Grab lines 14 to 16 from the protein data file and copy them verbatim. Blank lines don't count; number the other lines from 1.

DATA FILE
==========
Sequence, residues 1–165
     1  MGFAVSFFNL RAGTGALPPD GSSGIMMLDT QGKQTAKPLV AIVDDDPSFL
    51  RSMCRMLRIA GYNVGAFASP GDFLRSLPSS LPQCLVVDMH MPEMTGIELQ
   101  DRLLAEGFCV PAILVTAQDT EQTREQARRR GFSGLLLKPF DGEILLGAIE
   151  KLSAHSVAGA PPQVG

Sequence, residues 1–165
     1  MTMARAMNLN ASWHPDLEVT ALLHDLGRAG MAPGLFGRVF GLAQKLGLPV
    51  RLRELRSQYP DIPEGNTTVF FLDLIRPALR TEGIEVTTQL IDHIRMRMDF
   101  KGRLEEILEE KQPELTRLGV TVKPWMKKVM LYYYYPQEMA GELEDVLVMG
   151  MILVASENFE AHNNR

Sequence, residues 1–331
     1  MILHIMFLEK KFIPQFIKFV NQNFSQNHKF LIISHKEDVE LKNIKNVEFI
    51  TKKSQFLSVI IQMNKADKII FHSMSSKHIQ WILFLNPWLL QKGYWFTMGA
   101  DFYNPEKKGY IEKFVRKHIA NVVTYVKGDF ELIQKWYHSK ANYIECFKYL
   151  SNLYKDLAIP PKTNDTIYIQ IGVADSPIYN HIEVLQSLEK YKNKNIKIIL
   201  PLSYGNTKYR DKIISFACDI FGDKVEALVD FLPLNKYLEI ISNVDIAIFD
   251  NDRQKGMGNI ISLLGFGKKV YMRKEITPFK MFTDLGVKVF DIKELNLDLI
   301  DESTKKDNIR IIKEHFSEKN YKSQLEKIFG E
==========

   101  DFYNPEKKGY IEKFVRKHIA NVVTYVKGDF ELIQKWYHSK ANYIECFKYL
   151  SNLYKDLAIP PKTNDTIYIQ IGVADSPIYN HIEVLQSLEK YKNKNIKIIL
   201  PLSYGNTKYR DKIISFACDI FGDKVEALVD FLPLNKYLEI ISNVDIAIFD